3 min read.Updated: 30 Dec 2021, 09:47 PM ISTJENNIFER SMITH, The Wall Street Journal
A flood of big money is pumping up valuations of logistics startups as global bottlenecks raise the profile of a once-overlooked sector
An investment rush into logistics technology is creating a herd of unicorns in the race to digitize operations at the center of the world’s supply-chain gridlock.
Newly minted unicorns, or companies that exceed $1 billion valuations, in the logistics sector in 2021 include e-commerce fulfillment specialist ShipBob Inc., digital warehouse and distribution provider Stord Inc. and Flock Freight, a platform that matches shipper loads to trucks and is backed by a venture arm of Japan-based conglomerate SoftBank Group Corp.
Backers including big investment funds are pumping money into logistics technology at a rapid pace, driving up valuations for digital-focused ventures across freight, delivery and warehousing.
The influx of cash is giving startups in a once-overlooked sector expanded access to capital to build out their businesses, particularly for the top companies that have already developed their core products, according to venture-capital executives who focus on logistics and supply chains.
Supply-chain technology startups raised $24.3 billion in venture funding in the first three quarters of 2021, 58% more than the full-year total for 2020, according to analytics firm PitchBook Data Inc. Besides venture-capital firms, backers included global investment managers like Tiger Global Management LLC and Coatue Management LLC and the venture arms of large corporations such as shipping giantA.P. Moller-Maersk A/S and Koch Industries Inc.
“Good companies are simply raising much, much more money," said Julian Counihan, general partner at Schematic Ventures, a San Francisco-based venture-capital firm and early investor in Flock Freight. “It’s not getting easier to raise money, but if you are successful, you will raise a bigger round."
Many of the supply-chain technology companies drawing big investments are focused on tools for operations such as managing warehouses, matching freight loads to transportation capacity and mapping out cost-effective routes to move goods.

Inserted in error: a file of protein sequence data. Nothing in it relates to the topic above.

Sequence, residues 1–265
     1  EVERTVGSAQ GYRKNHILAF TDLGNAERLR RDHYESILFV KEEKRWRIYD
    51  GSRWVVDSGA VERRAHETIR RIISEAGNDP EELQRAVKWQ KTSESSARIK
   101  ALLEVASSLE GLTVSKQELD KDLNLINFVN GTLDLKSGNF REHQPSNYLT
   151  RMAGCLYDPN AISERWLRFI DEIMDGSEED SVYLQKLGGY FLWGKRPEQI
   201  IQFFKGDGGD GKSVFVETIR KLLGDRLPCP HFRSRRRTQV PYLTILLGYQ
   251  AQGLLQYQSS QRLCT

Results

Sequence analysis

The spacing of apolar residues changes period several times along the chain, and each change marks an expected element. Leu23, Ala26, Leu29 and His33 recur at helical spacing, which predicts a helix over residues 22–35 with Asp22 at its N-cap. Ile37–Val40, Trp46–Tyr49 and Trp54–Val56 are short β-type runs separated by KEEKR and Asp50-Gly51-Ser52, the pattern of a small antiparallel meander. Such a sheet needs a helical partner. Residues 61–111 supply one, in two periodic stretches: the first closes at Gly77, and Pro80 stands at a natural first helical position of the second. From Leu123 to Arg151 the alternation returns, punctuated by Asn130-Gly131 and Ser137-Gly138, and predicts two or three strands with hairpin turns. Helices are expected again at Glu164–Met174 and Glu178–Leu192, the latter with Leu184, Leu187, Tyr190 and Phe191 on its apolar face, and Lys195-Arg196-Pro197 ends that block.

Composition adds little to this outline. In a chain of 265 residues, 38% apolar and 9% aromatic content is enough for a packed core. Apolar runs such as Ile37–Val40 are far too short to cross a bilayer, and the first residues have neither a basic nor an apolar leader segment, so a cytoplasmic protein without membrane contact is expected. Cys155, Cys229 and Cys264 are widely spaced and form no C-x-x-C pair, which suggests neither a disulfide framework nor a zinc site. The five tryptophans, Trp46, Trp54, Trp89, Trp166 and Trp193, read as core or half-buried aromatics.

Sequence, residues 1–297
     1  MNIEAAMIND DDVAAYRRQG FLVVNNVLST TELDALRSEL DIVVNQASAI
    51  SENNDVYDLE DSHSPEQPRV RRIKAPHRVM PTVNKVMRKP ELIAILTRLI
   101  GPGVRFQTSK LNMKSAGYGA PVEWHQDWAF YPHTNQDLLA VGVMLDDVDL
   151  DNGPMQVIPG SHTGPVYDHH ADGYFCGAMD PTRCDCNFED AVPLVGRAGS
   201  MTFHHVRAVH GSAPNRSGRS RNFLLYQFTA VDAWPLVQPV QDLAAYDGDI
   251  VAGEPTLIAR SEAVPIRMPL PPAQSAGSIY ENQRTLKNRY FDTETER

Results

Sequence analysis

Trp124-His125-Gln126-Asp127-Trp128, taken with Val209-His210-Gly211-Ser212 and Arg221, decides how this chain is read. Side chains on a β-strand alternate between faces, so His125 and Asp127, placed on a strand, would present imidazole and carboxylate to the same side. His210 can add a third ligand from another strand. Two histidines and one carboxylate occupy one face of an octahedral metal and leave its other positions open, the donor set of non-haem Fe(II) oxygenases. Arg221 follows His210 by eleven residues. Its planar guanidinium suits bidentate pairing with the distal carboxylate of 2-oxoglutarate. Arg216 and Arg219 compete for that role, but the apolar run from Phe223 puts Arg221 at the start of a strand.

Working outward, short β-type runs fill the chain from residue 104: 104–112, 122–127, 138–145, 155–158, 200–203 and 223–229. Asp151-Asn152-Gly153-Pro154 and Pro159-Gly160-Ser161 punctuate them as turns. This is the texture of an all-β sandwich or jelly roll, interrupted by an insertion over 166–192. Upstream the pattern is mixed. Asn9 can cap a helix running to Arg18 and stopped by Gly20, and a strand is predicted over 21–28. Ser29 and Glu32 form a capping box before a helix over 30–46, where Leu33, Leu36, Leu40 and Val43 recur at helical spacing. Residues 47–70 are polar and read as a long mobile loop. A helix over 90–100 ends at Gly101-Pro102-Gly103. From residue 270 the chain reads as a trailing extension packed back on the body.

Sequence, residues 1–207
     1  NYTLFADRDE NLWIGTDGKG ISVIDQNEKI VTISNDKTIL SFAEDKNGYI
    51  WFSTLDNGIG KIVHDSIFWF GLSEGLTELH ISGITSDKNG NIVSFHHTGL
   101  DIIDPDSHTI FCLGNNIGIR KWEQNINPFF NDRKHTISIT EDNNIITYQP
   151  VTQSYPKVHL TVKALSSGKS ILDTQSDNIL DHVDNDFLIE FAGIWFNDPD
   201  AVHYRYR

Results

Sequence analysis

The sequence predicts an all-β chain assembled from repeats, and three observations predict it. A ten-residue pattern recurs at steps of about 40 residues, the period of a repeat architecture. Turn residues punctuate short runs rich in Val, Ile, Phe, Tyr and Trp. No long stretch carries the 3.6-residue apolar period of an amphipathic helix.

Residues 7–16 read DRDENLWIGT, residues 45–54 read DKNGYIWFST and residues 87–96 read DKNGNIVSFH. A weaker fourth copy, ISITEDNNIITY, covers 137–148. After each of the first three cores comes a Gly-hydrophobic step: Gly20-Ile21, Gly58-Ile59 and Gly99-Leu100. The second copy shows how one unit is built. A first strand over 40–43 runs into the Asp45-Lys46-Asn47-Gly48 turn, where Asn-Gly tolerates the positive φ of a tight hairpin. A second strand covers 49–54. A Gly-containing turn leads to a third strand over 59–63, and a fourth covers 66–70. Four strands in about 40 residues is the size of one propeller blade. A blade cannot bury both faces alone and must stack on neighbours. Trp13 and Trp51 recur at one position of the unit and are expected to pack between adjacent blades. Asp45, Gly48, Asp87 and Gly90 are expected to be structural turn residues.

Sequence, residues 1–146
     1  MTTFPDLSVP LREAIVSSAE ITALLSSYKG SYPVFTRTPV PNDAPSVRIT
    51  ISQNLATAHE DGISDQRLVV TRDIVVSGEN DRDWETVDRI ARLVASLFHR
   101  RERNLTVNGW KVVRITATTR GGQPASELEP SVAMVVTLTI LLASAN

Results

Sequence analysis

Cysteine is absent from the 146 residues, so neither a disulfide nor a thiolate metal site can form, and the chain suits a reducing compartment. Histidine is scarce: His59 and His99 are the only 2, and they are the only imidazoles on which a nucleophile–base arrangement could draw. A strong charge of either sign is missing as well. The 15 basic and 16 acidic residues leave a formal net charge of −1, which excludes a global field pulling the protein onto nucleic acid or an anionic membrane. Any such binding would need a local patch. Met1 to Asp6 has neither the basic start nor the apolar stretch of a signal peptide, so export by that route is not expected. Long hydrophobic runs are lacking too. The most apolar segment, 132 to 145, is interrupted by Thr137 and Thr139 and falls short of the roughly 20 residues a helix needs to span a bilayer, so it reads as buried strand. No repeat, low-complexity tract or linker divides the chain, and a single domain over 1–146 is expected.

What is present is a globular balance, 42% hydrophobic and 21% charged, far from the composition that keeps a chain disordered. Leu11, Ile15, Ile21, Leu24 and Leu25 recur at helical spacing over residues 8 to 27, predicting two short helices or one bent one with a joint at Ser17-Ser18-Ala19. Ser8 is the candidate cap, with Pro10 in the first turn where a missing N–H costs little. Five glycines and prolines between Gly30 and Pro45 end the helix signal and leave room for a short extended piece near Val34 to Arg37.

Shipping bottlenecks and shortages of everything from semiconductors to chicken wings are drawing more attention to technology aimed at streamlining supply chains and boosting efficiency in distribution networks. Companies are also looking to automation and software to help tamp down rising logistics costs and meet growing demand for e-commerce and delivery services.
That has boosted the flow of venture financing for logistics technology and attracted more money from larger funds, mirroring developments across the broader technology sector.
All that cash could heighten risk for investors if some of the companies attracting big funding rounds fail to meet performance expectations.
High valuations can also limit the options of early-round investors to cash out of their holdings by narrowing the range of potential buyers. “There are more buyers for a $10 million company than a $10 billion company," Mr. Counihan said.
In the third quarter of 2021, the median pre-money valuation for late-stage supply-chain tech companies reached $120 million, up 41% from the comparable period of 2020, according to PitchBook data. Pre-money valuation is the value of a company before any new outside investment.
Prominent deals in the third quarter included Stord’s $90 million Series D round, which valued the company at $1.1 billion, and a nearly $1 billion Series C round for Coatue-backed Gorillas Technologies GmbH, valuing the German grocery-delivery startup at $2.1 billion.
“It’s created an enormous amount of growth capital and access to capital for the top companies," said Jake Medwell, a founding partner at Austin, Texas-based venture-capital firm 8VC, an early investor in technology-enabled freight forwarder Flexport Inc. “That’s not bad as long as companies are responsible and focus on improving their margins. When companies lose sight of the margin and think money will always be there, that’s when things can get dangerous."
This story has been published from a wire agency feed without modifications to the text